Nevada Tenant-Landlord Law
The Fair Housing Act was created in order to ensure that everyone is treated equally during the housing process. It protects tenants from discrimination when seraching for a rental property. At the federal level the Fair Housing Act protects the following classes…
- National Origin
- Familial Status
Learn about fair housing at the federal level here /landlord-must-know-fair-housing/
Nevada protects the same categories as federal law.
(NRS § 118.100)
- Maximum Landlord Can Charge: Landlords may not charge a security deposit more than the equivalent of three months rent (NRS 118A.242(1)).
- Deadline for Returning Security Deposit: The landlord must return the security deposit within 30 days after the lease is terminated and the tenant has moved out (NRS 118A.242(4)).
- Security Deposit Deduction Notice Upon Move Out: Landlords must provide an itemized list of damages and fees to the tenant following move out. Tenants may dispute an alleged item within 30 days of receiving the itemized list (NRS 118A.242(4)).
- Uses of Security Deposit: Only the costs of damages to the property or necessary cleaning services may be deducted from the deposit (NRS 118A.242(4)).
- Bank Account Requirements: There is no statute.
Rent and Late Fees
- Rent Fee: A tenant must pay rent at the time agreed upon in the lease agreement.
- Rent Increase: The landlord must provide a written notice to the tenant 60 days prior to a rent increase, or 30 days prior for a tenancy of less than 1 month (NRS 118A.300).
- Late Fees: Landlords are responsible for including the charge for late fees in the lease agreement. If the tenant neglects to pay rent on time, they are responsible for paying the predetermined fee. Landlords can charge a maximum of 5% of the total monthly rent for late fees. (NRS 118A.200).
- Withholding Rent: A tenant must deliver a written notice to the landlord, stating failure to provide essential services and/or maintain habitable conditions to the property. If the landlord fails to make changes within 14 days of receiving the notice, then the tenant may withhold rent (NRS 118A.355).
Notices and Entry
- Notice to Enter Property: A landlord may enter the rental unit without consent from the tenant in an emergency. In all other cases, the landlord must give the tenant 24 hours notice of intent to enter. Entry is permissible during reasonable business hours, unless otherwise agreed upon by the tenant and landlord (NRS 118A.330).
- Notice to Terminate Yearly Lease: There is no statute for leases with a fixed end date.
- Notice to Terminate Month-to-Month Lease: Both landlords and tenants may terminate a month-to-month lease with 30 days notice. In some cases, the rental agreement may allow a briefer time of notice. The landlord may give less notice if the tenant fails to pay rent, violates the lease agreements, or violated the law (NRS 40.251).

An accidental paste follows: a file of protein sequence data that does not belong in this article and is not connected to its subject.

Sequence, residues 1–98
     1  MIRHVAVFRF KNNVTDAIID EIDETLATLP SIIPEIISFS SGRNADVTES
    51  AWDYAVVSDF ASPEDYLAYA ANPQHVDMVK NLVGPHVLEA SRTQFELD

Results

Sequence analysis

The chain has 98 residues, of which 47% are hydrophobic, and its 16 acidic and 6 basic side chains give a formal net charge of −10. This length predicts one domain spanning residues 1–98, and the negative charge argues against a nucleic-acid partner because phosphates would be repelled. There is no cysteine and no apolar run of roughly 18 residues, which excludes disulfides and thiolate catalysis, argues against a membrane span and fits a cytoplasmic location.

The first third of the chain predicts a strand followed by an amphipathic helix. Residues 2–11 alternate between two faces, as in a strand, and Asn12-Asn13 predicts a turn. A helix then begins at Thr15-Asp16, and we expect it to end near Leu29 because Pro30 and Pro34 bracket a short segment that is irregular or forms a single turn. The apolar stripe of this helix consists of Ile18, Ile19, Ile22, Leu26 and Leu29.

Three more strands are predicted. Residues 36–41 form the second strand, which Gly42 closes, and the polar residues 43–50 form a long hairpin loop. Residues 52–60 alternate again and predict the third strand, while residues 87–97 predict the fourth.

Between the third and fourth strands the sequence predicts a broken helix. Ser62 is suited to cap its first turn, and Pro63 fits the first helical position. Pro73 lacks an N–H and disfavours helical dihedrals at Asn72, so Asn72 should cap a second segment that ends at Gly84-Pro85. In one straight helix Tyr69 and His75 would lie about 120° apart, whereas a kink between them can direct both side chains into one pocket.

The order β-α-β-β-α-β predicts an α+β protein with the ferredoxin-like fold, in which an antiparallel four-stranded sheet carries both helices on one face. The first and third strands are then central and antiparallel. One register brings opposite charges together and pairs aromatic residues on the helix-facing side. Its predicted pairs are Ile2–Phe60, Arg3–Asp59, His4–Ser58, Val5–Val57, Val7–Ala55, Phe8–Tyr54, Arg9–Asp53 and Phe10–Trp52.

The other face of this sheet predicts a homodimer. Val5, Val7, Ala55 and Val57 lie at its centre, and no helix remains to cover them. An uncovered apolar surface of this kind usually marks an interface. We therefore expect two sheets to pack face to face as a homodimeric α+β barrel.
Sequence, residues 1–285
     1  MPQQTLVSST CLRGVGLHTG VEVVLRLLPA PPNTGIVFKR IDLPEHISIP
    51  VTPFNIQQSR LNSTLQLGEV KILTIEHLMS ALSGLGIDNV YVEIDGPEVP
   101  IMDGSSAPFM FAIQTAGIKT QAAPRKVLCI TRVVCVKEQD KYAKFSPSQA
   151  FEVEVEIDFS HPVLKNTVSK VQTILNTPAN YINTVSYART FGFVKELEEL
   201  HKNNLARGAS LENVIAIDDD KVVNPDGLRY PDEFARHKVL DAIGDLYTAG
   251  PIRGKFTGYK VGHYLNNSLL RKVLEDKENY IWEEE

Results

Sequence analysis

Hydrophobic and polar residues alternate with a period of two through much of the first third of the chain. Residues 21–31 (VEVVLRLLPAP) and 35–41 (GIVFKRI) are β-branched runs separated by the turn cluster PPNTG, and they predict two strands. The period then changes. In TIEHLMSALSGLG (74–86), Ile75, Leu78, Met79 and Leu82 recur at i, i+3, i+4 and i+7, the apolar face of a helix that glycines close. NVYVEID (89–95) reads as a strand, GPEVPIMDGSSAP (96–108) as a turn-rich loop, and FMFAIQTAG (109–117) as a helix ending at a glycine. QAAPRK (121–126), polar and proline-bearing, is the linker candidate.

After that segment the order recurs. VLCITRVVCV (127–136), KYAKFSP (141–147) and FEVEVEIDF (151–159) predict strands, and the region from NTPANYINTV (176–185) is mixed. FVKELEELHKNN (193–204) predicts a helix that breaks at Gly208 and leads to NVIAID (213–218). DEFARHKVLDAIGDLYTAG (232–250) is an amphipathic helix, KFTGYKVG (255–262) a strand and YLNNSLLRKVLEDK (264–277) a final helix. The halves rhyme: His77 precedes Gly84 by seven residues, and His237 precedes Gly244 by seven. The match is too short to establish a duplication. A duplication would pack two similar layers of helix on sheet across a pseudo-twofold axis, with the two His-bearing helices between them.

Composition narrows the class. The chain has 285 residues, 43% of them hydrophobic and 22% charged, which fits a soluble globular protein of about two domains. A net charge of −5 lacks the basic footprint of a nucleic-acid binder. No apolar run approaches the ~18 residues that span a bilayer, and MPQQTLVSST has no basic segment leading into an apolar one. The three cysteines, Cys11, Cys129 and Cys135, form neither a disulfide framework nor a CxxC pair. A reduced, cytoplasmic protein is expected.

- Notice to Terminate Week-to-Week Lease: For week-to-week tenancies, a notice of at least 7 days to terminate the lease agreement, by either the tenant or landlord, is required by law (NRS 40.251).
- Notice of Eviction - Nonpayment: Landlords may evict a tenant that remains in possession of a property after failure to pay rent, or a tenant that continues in possession of a property without the landlord's consent. The law requires that the landlord provides a written notice of at least 5 days before removal of the tenant (NRS 40.251; 40.2512).
- Notice of Eviction - Lease Violation: A tenant in violation of the terms or conditions of a lease agreement has 5 days to comply with a written notice from the landlord. If the tenant fails to make the necessary changes within that time, then no further notice is required from the landlord (NRS 40.2516).
Duties of Landlord
- Landlords are required to include a summary of Maintaining and Permitting Nuisance: Penalty in the lease agreement (NRS 202.470; 118A.200).
- A list of the inventory and condition of the property at the onset of the lease must be provided at the beginning of the tenancy (NRS 118A.200(3)(k)).
Duties of Tenant
- Move-Out Conditions: Tenants are to leave the property in the same condition as the beginning of the lease. Any costs from damage beyond normal wear and tear may be deducted from the security (NRS 118A.200)
Retaliation: Landlord retaliation against a tenant is not permitted. Retaliatory measures include terminating a tenancy, declining the renewal of a tenancy, increasing rent, lessening the crucial articles and services required, and threatening legal action against the tenant (NRS 118A.510).
Domestic Violence: The tenant is permitted to terminate a lease if subject to domestic violence, harassment, sexual assault or stalking. The tenant may submit a written notice of termination that will take effect at the end of the current rental period, or 30 days after the notice is submitted (NRS 118A.345(1)).
For more information on Nevada Landlord Tenant laws please visit their website here.
As the situation with COVID-19 continues to evolve, the moratorium on foreclosures and evictions will continue to impact millions of rental properties across the country. For the most up to date information on this legislation, as well as to see if your city or county has additional directives in place, please contact your local representative.